COVID solidified quick service as a category nimble enough to take the technological leap, while also delivering on a support model for franchisees. It’s a dynamic that helped build loyalty and goodwill from operators as investments paid off and they kept the doors open during one of the most chaotic periods on record. As noted, once the landscape shifted, hosts of quick-serves were able to retain sales or even gain market share.
It’s going to reshape the base. “Technology fees as part of the franchise agreement within the sector is a topic to be watching as we head into 2023,” Gagnon says. “Shockingly few brands collect these fees as part of their FDD, but this will be a must-have for the future. The evolution of technology is going to require constant reinvestment to stay competitive in the marketplace. Companies that collect technology fees on an ongoing basis won’t need to put plans on hold to improve the customer experience while they search for funding to innovate.”
Stan Friedman, a 30-year franchise executive, veteran franchisor, and president of FRM Solutions, says leading bands are standing out due to adjustments and forward thinking just like what Gagnon mentioned. In other terms, whether brands met post-COVID requirements and cascaded those learnings down to operators, is a question prospective franchisees now seek out.
“More frictionless transactions and fewer touchpoints means online ordering and eliminating the need for someone to physically answer phones to take orders,” he says. “It’s a win for the operator in terms of labor, a win for the consumer—not needing to touch money, sign a credit card receipt, etc.”
Friedman believes the pandemic sped changes already coming. “And those who are really winning today,” he says, “are the brands that had the foresight to embrace these technological advances, prior to COVID, as opposed to making mad dashes toward less efficient solutions by virtue of necessity just to stay in the game.”
Graham Chapman, EVP of account services at 919 Marketing, refers to today’s leaders as franchise concepts “built for the modern-day customer.”
“These brands are usually led by forward thinking innovators who are ahead of the curve, especially from a marketing perspective,” he says, referencing product placements in popular Netflix shows and influencer campaigns.
“Of course, any brands that were early adopters of drive-thru models with a service-minded touch, i.e. Chick-fil-A’s new drive-thru model [express lanes], and have found creative ways to make Olo/delivery apps work without destroying margins are in a great spot,” Chapman adds. “However, an age-old principle is more relevant than ever today—a great franchise deal is awarded, not sold. Franchisors thrive only when they are growing sustainably and awarding locations and territories to qualified candidates who fit the brand and its culture.”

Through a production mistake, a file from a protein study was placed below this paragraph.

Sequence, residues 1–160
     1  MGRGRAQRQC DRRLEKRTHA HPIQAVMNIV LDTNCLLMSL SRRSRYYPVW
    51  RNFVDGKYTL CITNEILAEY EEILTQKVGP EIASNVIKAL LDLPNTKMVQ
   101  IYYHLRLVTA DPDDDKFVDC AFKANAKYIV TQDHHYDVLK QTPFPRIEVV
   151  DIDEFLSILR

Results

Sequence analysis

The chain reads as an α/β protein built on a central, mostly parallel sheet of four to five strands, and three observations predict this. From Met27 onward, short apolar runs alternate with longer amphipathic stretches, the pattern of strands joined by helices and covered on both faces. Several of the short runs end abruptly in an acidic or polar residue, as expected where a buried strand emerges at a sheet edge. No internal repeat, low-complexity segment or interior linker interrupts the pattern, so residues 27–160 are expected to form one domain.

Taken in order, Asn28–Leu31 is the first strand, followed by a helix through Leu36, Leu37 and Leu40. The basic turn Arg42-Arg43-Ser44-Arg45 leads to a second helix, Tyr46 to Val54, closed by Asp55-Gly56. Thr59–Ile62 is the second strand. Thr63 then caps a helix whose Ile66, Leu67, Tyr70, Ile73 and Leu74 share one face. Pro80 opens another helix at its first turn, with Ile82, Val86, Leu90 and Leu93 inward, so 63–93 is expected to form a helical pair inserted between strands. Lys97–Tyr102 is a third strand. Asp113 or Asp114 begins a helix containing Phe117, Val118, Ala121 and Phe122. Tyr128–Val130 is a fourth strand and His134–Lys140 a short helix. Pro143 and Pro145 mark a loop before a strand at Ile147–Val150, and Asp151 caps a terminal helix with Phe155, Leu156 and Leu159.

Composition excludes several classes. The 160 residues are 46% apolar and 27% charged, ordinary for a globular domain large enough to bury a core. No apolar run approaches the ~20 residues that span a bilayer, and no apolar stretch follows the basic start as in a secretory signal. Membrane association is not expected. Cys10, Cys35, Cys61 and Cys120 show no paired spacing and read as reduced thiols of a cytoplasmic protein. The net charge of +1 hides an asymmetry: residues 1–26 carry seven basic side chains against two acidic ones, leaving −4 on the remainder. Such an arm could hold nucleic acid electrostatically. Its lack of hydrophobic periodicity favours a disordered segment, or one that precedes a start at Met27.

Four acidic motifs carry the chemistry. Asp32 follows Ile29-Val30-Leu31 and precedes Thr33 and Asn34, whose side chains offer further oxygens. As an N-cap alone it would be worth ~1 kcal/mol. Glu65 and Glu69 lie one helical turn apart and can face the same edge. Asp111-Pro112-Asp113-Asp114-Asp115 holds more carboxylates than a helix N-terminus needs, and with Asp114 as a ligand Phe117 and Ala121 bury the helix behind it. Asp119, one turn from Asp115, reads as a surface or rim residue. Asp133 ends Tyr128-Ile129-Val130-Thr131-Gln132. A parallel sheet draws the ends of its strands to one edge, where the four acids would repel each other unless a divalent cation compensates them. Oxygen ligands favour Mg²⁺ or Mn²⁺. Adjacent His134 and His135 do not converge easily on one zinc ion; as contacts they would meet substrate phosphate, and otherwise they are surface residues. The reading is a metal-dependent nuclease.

The makeup of franchising
There should be plenty of movement as the market resets. Among the top 50 quick-serves in 2020, the total number of franchised units fell 2 percent. However, franchisors’ share of unit ownership lifted from 13 to 15 percent. Meaning, operators stepped in at times to take back sagging operations. Those units could be flipped. Yum! said it anticipates $100 million in refranchising proceeds this year alone. High multiples and eager buyers led to significant amounts of deal activity during COVID. Private equity was aggressive. Wendy’s and Taco Bell franchisee Delight Restaurant Group reported a 92.2 percent growth in sales, primarily through acquisitions of units. Flynn Restaurant Group had $3.7 billion in revenue in 2021 after it completed a $552.6 million purchase of 937 Pizza Hut and 194 Wendy’s stores from bankrupt operator NPC International.
What’s next? Rabobank believes deals of this nature led to a shakeout of sorts for U.S. franchisees, “which is expected to result in greater consolidation of the landscape.” The company credited the uptick in deal activity to a confluence of challenges; higher returns, buyers’ cash levels, and recent growth trends.
Valuations in 2023/2024 are unlikely to be as attractive. Margins are tightening due to rising prices, instability in commodity complexes is increasing, and the cost of capital is climbing.
“I would say the economy is on everyone’s mind at the moment, specifically inflation and the government’s next moves,” Oswiecinski says. “This directly affects franchising with regarding to tightened lending, access to and cost of capital for prospective franchisees. This means brands that have the majority of their new franchisees using SBA loans may need to temper development expectations. Brands that have a product/services tied to essential human needs will fare better.”
The same goes for brands that are more inflation-resistant, or higher-margin business models with a smaller portion of the P&L tied up in labor and real estate expenses, he says—concepts differentiated enough in the market to have pricing power.
“Outside of labor challenges, the biggest topic to monitor has to be the economy in general,” Chapman reiterates. “Will the economy just endure a short dip or is a crash on the horizon? How do international conflicts/trade battles impact supply chain/distribution? If the economy does, indeed, crash will that actually be a good thing for quick-serves offering cheaper food, and often the comfort food options many folks turn to in an economic depression?”
As usual, setbacks will present opportunity for some and final straws for others, and that’s especially true of an entrepreneurial world like franchising. “Overall, though, as we saw in the last recession and during other periods of volatility, some people will use these external circumstances as an excuse to not make a change, while for others it will be an inflection point that prompts them to take the leap into something they’ve been wanting, but putting off, like franchise/business ownership,” Oswiecinski says.